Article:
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Advisory v compliance: Picking your course

1st Oct 2015
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“Oh man, I’m public enemy number one,” said Chris Hooper with unexpected relish when he spoke to AccountingWEB recently. A self-styled accounting futurist, Hooper has a passion for technology. He has spent the past few years preparing his business for what he terms “the Accountapocalypse”, an epochal shift in the profession where most of the value chain is automated.

“Everything that can be quantified, will be quantified,” says Hooper. “And I fully expect the laggards – people who have waited too long to adopt technology – to go out of business.” The looming spectre of automation has given Hooper’s view more urgency.

While not as apocalyptic as Hooper’s rhetoric, the big talk at this year’s Practice Excellence Conference was on advisory services vs. compliance. It was repeatedly emphasised that accountants would have to pick a course and stick to it.

A term that cropped up repeatedly when discussing the dichotomy, often with a hint of derision, was ‘compliance factory’. One practice that could be considered a compliance factory is Maslins Chartered Accountants in Kent. “We don’t do a formal, chargeable, advisory work,” says Chris Maslin. “My personal view is that, at least at the micro end of the business world, people value advice but are only prepared to pay for the compliance.”

Maslin doesn’t veer one way or the other. He intends to work as an accountant for as long as the market allows. “Don’t know,” he says when asked about Maslins’ future. “I suppose I consider all modern businesses as fairly temporary. Make hay whilst the sun shines, be aware things won't always be the same, and be ready to change when things outside your control change.”

It’s a refreshing outlook in what has often been a contentious discussion. Maslins uses cloud technology, working only with FreeAgent. He doesn’t regret it despite the technology’s potential to make his services irrelevant. “I’m aware it’s just around the corner that the likes of FreeAgent will be able to submit statutory accounts/CT returns at the click of a couple of buttons. Whether at that stage we get a mass exodus of clients or not (why pay us £99 a month when they can do it all for £25?), I don’t know.”

Maslin compensates for being undercut by aiming for “slightly higher-earning contractors or freelancers”. “We should be fairly safe. Reason being, £99 a month often isn’t too much to them, and whilst they could DIY, they appreciate the fact of having us there, almost like an insurance policy.”

Maslin’s philosophy may be a breath of fresh air, but it won’t work for everyone. Not all, indeed most, practices are like Maslins. Stephen Paul at Valued Accountancy in Durham is intent on giving his firm more staying power. He’s not as c’est la vie as Maslin. His firm was named Xero practice of the year, and Paul says he has been shifting his offering toward advisory. “I’d say the ratio at the moment is a 45/55 split in favour of compliance – but I fully expect that to change.”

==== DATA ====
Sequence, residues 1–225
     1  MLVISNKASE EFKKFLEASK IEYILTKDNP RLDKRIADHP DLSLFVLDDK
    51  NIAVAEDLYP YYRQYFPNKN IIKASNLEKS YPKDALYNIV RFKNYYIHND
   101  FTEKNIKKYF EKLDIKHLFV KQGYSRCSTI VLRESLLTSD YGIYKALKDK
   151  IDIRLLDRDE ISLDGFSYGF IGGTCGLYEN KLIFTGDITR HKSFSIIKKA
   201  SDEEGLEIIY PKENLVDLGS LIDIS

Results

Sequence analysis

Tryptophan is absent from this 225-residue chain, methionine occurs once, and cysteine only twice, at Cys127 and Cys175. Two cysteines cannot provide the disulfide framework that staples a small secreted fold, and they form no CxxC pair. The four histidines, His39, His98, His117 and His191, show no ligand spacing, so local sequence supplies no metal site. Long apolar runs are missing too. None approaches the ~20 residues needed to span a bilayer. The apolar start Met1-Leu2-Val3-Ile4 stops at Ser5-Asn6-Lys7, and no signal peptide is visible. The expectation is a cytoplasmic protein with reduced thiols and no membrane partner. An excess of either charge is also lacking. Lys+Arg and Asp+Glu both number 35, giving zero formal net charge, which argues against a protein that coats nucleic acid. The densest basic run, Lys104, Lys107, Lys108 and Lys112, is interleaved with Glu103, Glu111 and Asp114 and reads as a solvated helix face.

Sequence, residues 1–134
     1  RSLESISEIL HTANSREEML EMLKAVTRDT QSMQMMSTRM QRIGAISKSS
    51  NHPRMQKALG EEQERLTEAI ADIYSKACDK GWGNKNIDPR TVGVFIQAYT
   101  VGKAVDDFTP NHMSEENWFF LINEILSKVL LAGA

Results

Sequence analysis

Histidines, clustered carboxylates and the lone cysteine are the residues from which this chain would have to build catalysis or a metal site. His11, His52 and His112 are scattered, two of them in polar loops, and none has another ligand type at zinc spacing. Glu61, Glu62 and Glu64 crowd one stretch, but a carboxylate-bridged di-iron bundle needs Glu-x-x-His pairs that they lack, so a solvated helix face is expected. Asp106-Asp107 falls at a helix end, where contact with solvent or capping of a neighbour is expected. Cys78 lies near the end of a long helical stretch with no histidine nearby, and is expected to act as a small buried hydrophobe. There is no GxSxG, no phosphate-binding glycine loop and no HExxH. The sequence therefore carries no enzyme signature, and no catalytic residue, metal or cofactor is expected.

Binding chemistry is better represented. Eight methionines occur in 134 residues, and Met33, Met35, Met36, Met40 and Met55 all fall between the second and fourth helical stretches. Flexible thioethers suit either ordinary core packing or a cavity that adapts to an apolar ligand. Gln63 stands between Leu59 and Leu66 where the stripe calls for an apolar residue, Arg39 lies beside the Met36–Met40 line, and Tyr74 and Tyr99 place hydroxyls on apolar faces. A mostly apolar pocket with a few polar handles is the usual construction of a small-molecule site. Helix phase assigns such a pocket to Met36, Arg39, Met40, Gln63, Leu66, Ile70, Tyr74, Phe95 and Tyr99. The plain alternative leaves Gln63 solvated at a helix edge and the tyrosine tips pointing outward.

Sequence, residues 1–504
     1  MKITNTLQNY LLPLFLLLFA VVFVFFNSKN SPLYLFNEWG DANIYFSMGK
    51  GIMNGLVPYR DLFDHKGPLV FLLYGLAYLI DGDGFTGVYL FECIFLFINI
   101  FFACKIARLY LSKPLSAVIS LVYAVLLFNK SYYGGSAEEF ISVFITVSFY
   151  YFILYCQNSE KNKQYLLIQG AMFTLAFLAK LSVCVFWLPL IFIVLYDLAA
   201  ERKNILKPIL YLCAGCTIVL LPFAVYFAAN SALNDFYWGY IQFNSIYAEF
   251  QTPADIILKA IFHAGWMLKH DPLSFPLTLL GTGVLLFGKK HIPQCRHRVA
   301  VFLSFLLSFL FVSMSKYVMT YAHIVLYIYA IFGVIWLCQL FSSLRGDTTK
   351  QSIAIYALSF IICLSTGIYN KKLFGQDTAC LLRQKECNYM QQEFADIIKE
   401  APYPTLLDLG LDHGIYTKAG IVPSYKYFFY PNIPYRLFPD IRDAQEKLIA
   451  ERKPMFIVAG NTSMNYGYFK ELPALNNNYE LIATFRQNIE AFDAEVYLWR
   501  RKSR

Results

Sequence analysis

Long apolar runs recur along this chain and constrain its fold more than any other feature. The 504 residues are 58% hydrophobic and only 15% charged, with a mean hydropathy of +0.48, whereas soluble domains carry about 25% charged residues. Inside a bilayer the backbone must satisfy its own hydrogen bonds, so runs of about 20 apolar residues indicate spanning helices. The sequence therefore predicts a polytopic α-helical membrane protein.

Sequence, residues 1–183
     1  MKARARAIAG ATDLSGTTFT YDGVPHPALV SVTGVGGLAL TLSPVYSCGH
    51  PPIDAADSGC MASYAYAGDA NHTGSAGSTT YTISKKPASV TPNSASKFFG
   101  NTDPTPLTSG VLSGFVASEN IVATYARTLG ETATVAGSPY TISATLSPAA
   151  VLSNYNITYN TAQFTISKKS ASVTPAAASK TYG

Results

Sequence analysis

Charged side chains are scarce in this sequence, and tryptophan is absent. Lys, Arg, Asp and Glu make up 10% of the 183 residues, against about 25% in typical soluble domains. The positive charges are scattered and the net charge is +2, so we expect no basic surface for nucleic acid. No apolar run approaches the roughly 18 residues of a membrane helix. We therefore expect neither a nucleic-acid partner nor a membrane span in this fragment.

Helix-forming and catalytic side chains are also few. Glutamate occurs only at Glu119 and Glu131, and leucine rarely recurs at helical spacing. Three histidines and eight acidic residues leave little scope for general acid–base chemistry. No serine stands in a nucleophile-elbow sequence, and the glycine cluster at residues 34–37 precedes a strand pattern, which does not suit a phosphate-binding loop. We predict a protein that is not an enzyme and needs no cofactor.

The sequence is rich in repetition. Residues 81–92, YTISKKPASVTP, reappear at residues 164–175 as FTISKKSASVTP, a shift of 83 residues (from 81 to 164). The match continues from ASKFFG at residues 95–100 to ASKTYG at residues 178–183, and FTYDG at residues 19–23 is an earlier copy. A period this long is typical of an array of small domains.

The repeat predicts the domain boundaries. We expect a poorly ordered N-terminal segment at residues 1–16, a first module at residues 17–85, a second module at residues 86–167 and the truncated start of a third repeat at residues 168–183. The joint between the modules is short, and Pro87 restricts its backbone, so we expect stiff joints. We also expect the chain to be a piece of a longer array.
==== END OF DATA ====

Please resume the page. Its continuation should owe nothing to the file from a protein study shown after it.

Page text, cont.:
Valued Accountancy also recruits young, with a robust apprenticeship scheme right across the business. Paul has been very happy with the results, noting that these employees don’t come to the company with preconceived ideas and are much more receptive to change.

What are your plans for the future of your practice? Is it as black and white as it’s made out?

Replies (20)

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By TaxTeddy
02nd Oct 2015 08:41

To Misquote mark Twain .......

The reports of the death of traditional accountancy have been greatly exaggerated. 

The profession is extremely diverse, from multinational multi-discipline firms down to the sole practitioner. And long may that continue.  

Within that diversity there is room for all shades of opinion when it comes to embracing (or not) the technology available. I see no reason why that should not continue, more or less indefinitely. Sure, there will always be technology creep - how many of us continue to practice without the use of a computer? But despite the edicts of those with a vested interest, most practices have a sufficiently diverse client base to allow them to adopt the technology at their own pace, as the clients demand it.

So while practices have this choice of how they work they also retain the choice of the type of work they do - a big chunk of compliance here, a little advisory there - and so the idea that there is pressure on firms to make a 'choice' between different types of work seems to be a moot point.

And thank goodness for that. Leaving aside the problem of putting all your eggs in one basket I for one don't have the time or the inclination to re-engineer my business from the bottom up and I think that probably applies to most small practitioners.

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Replying to JerryP:
By Francois Badenhorst
02nd Oct 2015 09:59

I tend to agree with you

I've written on this very topic already. I feel as if the debate is tainted by exaggeration. Everything is going to be fine, things will equilibrate. 

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Man of Kent
By Kent accountant
02nd Oct 2015 09:52

Public enemy number one?!

I don't think so.

I(we) have no idea who he is...

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Replying to Tax Dragon:
By Francois Badenhorst
02nd Oct 2015 09:57

I get you

Kent accountant wrote:

I don't think so.

I(we) have no idea who he is...

Apologies, I should've mentioned he's based in Australia. He's pretty divisive. He's also very intelligent and charming and I don't think it'll be very long until you do know who he is.

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By Vaughan Blake1
02nd Oct 2015 10:06

The problem is..